Introduction

Aspergillosis is a condition caused by aspergillus mould. There are several different types of aspergillosis - most afffect the lungs and cause breathing difficulties.

How do you get aspergillosis?

Aspergillosis is usually caused by inhaling tiny bits of mould. The mould is found in lots of places, including:

  • soil, compost and rotting leaves
  • plants, trees and crops
  • air conditioning systems
  • dust
  • damp buildings

You can catch aspergillosis from someone else or from animals.

Most people who breathe in the mould don't get ill.

Aspergillosis is rare in healthy people

You're usually only at risk of aspergillosis if you have:

  • a lung condition - such as asthma, cystic fibrosis or chronic obstructive pulmonary disease (COPD)
  • a weakened immune system - for example, if you've had an organ transplant or are having chemotherapy
  • had tuberculosis (TB) in the past

Symptoms of aspergillosis

Symptoms of aspergillosis include:

  • shortness of breath
  • a cough - you may cough up blood or lumps of mucus
  • wheezing (a whistling sound when breathing)
  • a high temperature of 38C or above
  • weight loss

If you already have a lung condition, your existing symptoms may get worse.

See a GP if you have:

  • a cough for more than 3 weeks
  • a lung condition that's getting worse or harder to control with your usual treatment
  • a weakened immune system and symptoms of aspergillosis

Get an urgent GP appointment if you cough up blood. Call 111 if you can't see your GP.

What happens at your appointment

Your GP will check for an obvious cause of your symptoms, like a chest infection or asthma.

If they're not sure what the problem is, they may refer you to a specialist for tests such as:

  • X-rays and scans
  • blood tests or tests on a sample of mucus
  • allergy tests
  • a bronchoscopy - where a thin, flexible tube with a camera at the end is used to look in your lungs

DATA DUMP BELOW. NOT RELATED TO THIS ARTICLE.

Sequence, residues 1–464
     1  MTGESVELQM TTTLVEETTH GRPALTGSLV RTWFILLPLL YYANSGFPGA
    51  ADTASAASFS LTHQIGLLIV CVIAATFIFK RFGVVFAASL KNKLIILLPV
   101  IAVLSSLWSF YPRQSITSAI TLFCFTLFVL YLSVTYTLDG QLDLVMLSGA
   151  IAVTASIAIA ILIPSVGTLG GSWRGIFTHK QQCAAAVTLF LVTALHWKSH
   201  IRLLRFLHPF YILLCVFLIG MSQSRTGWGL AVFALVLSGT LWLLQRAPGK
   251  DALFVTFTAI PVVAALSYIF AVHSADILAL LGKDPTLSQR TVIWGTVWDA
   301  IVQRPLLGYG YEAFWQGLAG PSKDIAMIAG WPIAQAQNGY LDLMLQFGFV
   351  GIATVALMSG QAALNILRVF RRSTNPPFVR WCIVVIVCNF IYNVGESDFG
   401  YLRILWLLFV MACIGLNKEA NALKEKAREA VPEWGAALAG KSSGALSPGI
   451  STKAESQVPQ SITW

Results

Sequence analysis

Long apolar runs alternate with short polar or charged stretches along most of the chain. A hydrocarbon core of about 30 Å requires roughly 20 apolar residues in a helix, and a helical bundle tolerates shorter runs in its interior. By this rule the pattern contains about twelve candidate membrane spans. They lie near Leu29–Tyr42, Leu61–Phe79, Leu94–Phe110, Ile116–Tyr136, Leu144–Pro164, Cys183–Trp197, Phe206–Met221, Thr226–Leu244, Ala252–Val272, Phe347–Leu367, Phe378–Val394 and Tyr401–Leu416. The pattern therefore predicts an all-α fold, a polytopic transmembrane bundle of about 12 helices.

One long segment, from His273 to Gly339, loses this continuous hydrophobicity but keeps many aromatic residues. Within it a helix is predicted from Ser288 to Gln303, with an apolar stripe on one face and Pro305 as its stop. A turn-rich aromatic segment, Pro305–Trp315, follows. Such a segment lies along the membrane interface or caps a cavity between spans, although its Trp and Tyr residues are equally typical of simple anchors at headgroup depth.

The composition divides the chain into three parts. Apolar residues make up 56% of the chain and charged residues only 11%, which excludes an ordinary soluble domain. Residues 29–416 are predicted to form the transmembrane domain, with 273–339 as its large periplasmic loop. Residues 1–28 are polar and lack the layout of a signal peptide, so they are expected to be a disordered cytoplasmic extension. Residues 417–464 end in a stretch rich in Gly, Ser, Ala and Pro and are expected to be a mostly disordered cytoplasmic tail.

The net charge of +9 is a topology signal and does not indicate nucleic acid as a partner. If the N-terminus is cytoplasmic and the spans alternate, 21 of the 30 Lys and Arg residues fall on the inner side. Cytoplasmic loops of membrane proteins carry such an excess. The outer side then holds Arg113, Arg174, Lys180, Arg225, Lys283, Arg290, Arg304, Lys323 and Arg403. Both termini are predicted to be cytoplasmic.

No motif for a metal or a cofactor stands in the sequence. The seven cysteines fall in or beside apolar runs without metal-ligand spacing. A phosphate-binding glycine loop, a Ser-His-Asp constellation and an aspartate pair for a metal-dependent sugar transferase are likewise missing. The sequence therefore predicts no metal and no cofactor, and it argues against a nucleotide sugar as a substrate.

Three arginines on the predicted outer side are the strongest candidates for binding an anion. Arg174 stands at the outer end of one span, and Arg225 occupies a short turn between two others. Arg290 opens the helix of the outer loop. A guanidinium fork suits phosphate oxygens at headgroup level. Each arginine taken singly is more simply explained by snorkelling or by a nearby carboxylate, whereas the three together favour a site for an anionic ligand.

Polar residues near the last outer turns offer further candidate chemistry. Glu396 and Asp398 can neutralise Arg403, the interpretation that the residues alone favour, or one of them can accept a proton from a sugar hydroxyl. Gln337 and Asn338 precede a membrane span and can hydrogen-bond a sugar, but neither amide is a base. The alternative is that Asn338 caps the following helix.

Treatments for aspergillosis

Treatment usually helps control the symptoms. If it isn't treated or well controlled, there's a risk it could damage your lungs.

Allergic bronchopulmonary aspergillosis (ABPA) - an allergy to aspergillus mould is treated with steroid medication and antifungal medication for a few months (possibly longer).

Chronic pulmonary aspergillosis (CPA) - a long-term lung infection. The treatment will be long-term (possibly lifelong) with antifungal tablets.

Aspergilloma - a ball of mould in the lungs, often linked to CPA, will be treated with surgery to remove the ball if it's causing symptoms.

Invasive pulmonary aspergillus (IPA) - a life-threatening infection in people with a weakened immune system, is treated with antifungal medicine given directly into a vein in hospital.

You can't always prevent aspergillosis

It's almost impossible to completely avoid aspergillus mould.

But there are things you can do to reduce your risk of aspergillosis, if you have a lung condition or weakened immune system.

Do:

  • try to avoid places where aspergillus mould is often found, such as compost heaps and piles of dead leaves
  • close your windows if there's construction work or digging outside
  • wear a face mask in dusty places
  • consider using an air purifier at home - devices with HEPA filters are best

Don't

  • dry your laundry in your bedroom or living areas, if possible - ideally dry it outside or in a tumble dryer

You can find out more about aspergillosis on the Support for People with Aspergillosis website.

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The information on this page has been adapted by NHS Wales from original content supplied by NHS Choices.
Last Updated: 18/09/2018 14:18:17